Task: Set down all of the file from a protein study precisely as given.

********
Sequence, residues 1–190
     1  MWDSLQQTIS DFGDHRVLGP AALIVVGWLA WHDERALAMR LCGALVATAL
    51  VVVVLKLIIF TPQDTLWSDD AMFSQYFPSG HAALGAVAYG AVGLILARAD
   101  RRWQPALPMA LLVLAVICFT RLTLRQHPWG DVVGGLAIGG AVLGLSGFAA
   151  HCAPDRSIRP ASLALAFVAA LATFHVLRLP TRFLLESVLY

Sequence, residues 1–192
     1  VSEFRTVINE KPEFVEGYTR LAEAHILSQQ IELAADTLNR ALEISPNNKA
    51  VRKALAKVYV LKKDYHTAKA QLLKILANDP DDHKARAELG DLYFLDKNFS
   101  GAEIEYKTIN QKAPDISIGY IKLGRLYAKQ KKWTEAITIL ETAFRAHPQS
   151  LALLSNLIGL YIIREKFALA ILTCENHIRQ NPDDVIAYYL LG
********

Sequence, residues 1–190
     1  MWDSLQQTIS DFGDHRVLGP AALIVVGWLA WHDERALAMR LCGALVATAL
    51  VVVVLKLIIF TPQDTLWSDD AMFSQYFPSG HAALGAVAYG AVGLILARAD
   101  RRWQPALPMA LLVLAVICFT RLTLRQHPWG DVVGGLAIGG AVLGLSGFAA
   151  HCAPDRSIRP ASLALAFVAA LATFHVLRLP TRFLLESVLY

Sequence, residues 1–192
     1  VSEFRTVINE KPEFVEGYTR LAEAHILSQQ IELAADTLNR ALEISPNNKA
    51  VRKALAKVYV LKKDYHTAKA QLLKILANDP DDHKARAELG DLYFLDKNFS
   101  GAEIEYKTIN QKAPDISIGY IKLGRLYAKQ KKWTEAITIL ETAFRAHPQS
   151  LALLSNLIGL YIIREKFALA ILTCENHIRQ NPDDVIAYYL LG